Tender rack of lamb, though expensive, makes an elegant roast for a special-occasion dinner, and it’s quite easy to prepare. A brief marinade of pounded garlic and anchovy, Dijon mustard and olive oil heightens the flavor. For a simple accompaniment, roast small crushed potatoes in the same pan. Each eight-bone rack may be sliced into four thick chops, or eight thin chops, if you prefer.
- 2lamb racks, about 1 1/2 pounds each, preferably frenched (see Note)
- Salt and pepper
- 2tablespoons Dijon mustard
- 3cloves garlic, minced
- 4anchovy fillets, minced
- Extra-virgin olive oil
- 1 ½ to 2pounds small, round potatoes, scrubbed and left whole
- 2tablespoons roughly chopped rosemary
- 2tablespoons roughly chopped parsley, for garnish
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- Bring a large pot of salted water to a boil. Season lamb generously with salt and pepper. In a small bowl, mix together Dijon mustard, garlic and anchovy (or pound together in a mortar for a smoother texture). Stir in 3 tablespoons olive oil. Smear lamb all over with marinade and set aside.
- Meanwhile, boil potatoes until the tip of a paring knife meets no resistance, 10 to 15 minutes depending on size. When potatoes are done, drain, transfer to a roasting pan large enough to hold them in a single layer, and set aside to cool.
- Heat oven to 400 degrees. With palms or the back of a wooden spoon, crush potatoes gently to crack open and slightly flatten. Sprinkle with salt, drizzle with about 2 tablespoons olive oil, and turn to lightly coat.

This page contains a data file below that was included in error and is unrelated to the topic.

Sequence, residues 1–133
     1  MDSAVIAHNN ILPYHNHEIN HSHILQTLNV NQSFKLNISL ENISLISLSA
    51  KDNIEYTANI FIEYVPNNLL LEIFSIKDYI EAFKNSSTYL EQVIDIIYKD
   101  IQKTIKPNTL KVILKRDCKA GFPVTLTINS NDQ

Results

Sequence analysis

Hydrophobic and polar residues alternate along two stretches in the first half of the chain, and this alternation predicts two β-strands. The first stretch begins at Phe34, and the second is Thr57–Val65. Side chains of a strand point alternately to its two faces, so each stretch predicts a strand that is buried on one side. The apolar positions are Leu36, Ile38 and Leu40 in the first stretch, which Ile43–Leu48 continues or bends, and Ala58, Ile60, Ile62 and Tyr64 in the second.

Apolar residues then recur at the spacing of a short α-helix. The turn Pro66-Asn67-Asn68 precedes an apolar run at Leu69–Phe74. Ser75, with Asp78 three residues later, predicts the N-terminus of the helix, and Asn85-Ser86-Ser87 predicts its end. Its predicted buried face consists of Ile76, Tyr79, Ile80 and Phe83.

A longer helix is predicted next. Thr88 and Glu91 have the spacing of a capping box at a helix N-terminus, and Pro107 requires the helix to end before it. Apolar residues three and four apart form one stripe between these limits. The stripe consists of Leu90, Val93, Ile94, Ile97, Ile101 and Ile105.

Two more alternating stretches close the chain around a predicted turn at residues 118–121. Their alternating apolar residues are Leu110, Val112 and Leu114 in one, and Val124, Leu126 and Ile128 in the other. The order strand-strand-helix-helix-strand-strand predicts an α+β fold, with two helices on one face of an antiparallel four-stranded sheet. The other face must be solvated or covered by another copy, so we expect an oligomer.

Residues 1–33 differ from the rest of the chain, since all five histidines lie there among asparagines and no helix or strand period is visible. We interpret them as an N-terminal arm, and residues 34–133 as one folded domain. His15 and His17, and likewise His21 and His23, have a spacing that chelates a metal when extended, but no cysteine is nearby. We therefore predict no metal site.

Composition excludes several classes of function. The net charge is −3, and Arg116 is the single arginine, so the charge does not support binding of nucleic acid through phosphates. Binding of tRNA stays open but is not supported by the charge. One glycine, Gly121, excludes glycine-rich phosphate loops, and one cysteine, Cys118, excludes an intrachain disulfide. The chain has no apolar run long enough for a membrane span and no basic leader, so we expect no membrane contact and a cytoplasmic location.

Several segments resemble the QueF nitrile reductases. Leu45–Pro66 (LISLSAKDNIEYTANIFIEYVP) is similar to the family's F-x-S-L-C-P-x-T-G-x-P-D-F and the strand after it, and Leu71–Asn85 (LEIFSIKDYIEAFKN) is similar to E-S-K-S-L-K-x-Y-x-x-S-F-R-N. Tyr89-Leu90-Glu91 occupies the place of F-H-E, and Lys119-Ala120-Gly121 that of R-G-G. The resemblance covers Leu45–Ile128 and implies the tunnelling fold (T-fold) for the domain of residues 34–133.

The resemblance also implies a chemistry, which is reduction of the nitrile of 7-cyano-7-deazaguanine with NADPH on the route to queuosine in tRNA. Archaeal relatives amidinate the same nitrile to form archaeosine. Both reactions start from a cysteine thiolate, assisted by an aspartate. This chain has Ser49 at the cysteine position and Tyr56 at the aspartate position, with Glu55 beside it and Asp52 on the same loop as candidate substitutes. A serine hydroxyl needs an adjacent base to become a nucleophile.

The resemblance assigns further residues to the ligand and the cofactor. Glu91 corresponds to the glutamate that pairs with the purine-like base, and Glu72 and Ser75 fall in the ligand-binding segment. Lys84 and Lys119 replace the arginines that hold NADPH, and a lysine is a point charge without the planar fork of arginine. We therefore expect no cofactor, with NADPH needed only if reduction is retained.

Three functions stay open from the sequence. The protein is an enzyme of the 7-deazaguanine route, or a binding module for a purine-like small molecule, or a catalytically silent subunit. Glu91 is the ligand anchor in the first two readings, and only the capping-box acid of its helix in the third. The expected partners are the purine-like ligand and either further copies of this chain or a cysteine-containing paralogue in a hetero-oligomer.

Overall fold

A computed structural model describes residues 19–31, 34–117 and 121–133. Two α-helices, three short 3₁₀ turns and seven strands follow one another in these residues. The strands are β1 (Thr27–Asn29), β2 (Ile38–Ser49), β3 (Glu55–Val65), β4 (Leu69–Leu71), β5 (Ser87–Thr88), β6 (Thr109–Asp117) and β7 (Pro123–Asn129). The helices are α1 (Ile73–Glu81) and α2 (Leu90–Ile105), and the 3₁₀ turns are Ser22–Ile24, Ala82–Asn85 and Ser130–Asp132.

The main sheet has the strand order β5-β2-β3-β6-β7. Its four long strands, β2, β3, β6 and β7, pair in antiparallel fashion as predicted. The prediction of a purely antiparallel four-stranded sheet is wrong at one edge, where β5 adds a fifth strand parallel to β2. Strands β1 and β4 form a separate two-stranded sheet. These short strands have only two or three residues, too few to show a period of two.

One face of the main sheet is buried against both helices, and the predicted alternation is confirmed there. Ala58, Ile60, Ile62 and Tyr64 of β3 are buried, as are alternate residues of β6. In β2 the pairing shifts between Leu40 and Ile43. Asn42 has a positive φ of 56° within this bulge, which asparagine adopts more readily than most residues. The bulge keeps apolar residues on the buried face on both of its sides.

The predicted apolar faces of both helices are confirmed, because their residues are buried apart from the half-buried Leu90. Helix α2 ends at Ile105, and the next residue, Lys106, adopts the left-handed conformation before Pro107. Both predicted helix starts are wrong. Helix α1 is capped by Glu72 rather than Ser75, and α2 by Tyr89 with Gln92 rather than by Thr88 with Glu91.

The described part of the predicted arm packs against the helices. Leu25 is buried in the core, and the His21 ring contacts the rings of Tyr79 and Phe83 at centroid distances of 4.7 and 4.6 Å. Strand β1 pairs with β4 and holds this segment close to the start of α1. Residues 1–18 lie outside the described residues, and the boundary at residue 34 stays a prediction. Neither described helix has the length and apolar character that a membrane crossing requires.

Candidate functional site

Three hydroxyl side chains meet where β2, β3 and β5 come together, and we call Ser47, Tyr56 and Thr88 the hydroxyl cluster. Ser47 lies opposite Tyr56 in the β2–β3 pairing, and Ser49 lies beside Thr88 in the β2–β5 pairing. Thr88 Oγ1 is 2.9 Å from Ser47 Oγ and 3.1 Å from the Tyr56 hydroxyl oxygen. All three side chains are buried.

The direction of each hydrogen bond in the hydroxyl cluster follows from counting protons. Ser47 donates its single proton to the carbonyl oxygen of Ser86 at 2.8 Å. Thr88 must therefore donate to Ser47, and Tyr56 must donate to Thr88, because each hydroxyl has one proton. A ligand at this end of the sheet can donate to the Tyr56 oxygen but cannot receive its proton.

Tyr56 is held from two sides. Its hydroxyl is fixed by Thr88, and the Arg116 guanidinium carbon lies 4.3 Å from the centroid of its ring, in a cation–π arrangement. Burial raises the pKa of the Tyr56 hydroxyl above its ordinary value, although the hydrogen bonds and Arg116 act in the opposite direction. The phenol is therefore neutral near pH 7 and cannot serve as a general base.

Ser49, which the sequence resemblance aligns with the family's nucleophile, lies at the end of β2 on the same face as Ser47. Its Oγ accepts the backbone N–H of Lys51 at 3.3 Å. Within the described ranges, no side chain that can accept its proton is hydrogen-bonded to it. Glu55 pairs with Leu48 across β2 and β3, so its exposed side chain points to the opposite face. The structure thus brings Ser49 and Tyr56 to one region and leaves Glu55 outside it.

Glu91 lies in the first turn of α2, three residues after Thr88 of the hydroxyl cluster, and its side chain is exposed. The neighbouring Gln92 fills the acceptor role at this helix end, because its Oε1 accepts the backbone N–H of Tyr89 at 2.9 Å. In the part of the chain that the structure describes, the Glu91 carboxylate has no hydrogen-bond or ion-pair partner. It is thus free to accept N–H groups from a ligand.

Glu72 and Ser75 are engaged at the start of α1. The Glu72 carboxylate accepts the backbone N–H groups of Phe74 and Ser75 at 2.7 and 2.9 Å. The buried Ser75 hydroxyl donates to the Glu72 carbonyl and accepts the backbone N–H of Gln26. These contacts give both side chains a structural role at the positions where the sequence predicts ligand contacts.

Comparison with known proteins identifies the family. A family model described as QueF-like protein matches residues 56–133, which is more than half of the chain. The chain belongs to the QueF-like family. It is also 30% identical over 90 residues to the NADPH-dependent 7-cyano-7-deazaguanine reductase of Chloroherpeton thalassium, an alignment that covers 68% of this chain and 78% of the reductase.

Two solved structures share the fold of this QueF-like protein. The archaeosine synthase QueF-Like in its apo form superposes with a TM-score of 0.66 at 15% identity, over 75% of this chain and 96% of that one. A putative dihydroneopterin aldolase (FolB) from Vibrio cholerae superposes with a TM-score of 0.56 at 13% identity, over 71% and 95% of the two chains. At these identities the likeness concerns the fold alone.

- Lay lamb racks on top of potatoes, with bones curving downward. Scatter rosemary over meat and potatoes. Roast, uncovered, until a meat thermometer registers 125 degrees (for medium-rare), about 20 minutes. (Cook to 135 degrees for medium.)
- Remove lamb to a cutting board and let rest, tented with foil. Return potatoes to oven and leave to roast 10 to 15 minutes more, until nicely crisped.
- Use a large chef’s knife to slice the racks by cutting between the bones. (One rack will yield 4 thick chops or 8 thin ones). Transfer chops and potatoes to a warm platter, sprinkle with parsley and serve.
- You can buy lamb racks that are “frenched” (trimmed of fat, with the bones scraped clean) and ready to roast at a butcher shop. Supermarket lamb racks often need additional trimming. Frenching them at home is not absolutely necessary, but do remove extraneous fat.